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Heron Cove ribbon cutting
Off by itself, Heron Cove was originally designed to be a retreat for artists to work in peace. - photo by Photo by Magdalena Bresson

On a wooded back road, deep in the heart of Bryan County, Steve London may very well be cooking breakfast for a small group of guests at the Heron Cove Bed and Breakfast at Silverstream Plantation.
As the first and only inn of its kind in Richmond Hill, the chances are good that London and his wife Ginny Schoenen will be frying up eggs and bacon for guests from all over the Coastal Empire and beyond — it’s only their third week open for business and already the proud owners can barely book reservations fast enough.
“We’ve already got calls from as far away as New Mexico,” said London. “We owe our website designer Byron a huge debt of gratitude — we’re all over the Internet and we’ve been busy since the day we opened our doors.”
London was hesitant to accept any credit for the inn’s early success, but the home — described by one guest recently as “equal parts inn and art gallery” — is quite arguably a masterpiece in and of itself.
Designed predominantly by London and his late wife, Lilly London, the Victorian-style home is a living memento to the life she lived as an artist painting scenes from coastal Georgia and South Carolina’s Lowcountry. Before her death in 2006, she had hoped that Heron Cove might serve as an artist’s retreat — a place that she and others like herself could create their work in near silence — interrupted only by the sounds of wildlife outside their windows.
Her passing occurred shortly before construction at Heron Cover was completed, but the idea of a “retreat” was one that London and Schoenen just couldn’t let go. They married in September 2012 and made it their mission to care for the property and preserve the same essence of “retreat” that Lilly might have imagined during her lifetime.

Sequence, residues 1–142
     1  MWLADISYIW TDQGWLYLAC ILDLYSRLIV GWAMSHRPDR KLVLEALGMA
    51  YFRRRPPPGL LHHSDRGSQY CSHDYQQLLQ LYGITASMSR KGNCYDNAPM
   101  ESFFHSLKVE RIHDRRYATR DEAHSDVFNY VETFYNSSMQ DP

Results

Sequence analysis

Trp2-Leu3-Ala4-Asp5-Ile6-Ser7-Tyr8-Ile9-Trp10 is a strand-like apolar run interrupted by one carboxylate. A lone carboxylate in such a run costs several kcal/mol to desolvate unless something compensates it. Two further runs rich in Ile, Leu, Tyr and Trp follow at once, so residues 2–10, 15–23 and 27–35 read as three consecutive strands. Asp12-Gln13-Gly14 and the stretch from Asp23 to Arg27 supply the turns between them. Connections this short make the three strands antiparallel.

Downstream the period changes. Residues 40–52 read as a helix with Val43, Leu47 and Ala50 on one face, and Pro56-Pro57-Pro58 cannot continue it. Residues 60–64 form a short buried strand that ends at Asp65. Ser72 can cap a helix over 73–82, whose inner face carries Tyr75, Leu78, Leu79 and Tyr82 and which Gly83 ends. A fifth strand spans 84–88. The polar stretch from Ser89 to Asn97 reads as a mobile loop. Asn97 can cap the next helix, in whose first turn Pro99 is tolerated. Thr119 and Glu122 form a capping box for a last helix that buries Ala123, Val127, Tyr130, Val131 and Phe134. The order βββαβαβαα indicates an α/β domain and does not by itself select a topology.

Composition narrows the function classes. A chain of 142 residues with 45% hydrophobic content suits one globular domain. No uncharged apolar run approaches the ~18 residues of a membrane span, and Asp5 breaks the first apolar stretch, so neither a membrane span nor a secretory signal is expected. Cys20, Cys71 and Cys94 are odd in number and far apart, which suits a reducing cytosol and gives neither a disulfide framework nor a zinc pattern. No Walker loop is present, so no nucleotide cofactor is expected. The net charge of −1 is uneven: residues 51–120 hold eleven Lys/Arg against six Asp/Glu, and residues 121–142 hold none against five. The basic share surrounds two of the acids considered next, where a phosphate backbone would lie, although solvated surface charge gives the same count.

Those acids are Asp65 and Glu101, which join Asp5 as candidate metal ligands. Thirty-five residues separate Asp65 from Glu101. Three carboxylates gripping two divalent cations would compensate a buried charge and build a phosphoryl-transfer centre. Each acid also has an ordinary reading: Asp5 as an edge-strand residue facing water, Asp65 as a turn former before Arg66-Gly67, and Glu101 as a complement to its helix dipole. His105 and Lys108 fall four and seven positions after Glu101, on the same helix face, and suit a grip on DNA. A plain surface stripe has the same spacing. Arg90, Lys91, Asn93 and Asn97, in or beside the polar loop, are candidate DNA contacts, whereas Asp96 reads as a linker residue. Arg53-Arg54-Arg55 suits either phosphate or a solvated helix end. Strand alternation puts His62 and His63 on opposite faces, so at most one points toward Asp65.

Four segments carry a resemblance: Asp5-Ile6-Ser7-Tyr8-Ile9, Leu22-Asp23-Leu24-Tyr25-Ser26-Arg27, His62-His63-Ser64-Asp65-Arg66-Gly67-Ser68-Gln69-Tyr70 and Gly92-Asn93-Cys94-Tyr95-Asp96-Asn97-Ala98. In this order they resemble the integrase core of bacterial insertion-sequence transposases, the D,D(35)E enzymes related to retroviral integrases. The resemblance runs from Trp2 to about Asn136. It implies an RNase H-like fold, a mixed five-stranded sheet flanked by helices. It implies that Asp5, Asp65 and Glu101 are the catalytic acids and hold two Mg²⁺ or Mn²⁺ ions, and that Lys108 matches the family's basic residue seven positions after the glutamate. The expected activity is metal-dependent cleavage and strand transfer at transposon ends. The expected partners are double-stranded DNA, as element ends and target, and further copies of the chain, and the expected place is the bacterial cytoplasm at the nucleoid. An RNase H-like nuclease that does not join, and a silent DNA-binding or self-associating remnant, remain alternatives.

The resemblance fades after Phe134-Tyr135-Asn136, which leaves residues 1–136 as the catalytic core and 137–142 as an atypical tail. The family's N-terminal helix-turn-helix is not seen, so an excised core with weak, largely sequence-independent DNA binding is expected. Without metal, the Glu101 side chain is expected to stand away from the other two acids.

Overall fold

“We have always been preservers of the land,” London said. “That’s why we didn’t bring in the bull dozers and cut everything down. We’ve made it possible to see the marshes, but we’ve done it without wiping out the hundred-year-old azaleas and the oak trees and everything else.”
London and Schoenen’s preservation of the area has granted tourists the opportunity to venture off the beaten path — and likewise, residents of Richmond Hill now have their chance to showcase the city they’ve always known and loved.  
“Our hope was that people would see this location, Richmond Hill, as the gateway to the lowcountry coast,” London said. “We’re part of Richmond Hill — even though we’re in the county part — but we’re a part of this town. And I want Richmond Hill to be known as a place that people can go on their way to Savannah or Charleston or anywhere else they want to go. We’re close enough for a daytrip.”
And while their visitors might flock to Savannah during the daytime, London and Schoenen have found that many guests retreat to Richmond Hill to experience the quiet that has become rare in bigger cities.
“Our friends and family asked us, ‘How can you compete with Savannah?’” said Schionnen. “Well we can’t. But why would we want to?”
For more information or to book a reservation, visit or call 912-727-3408.

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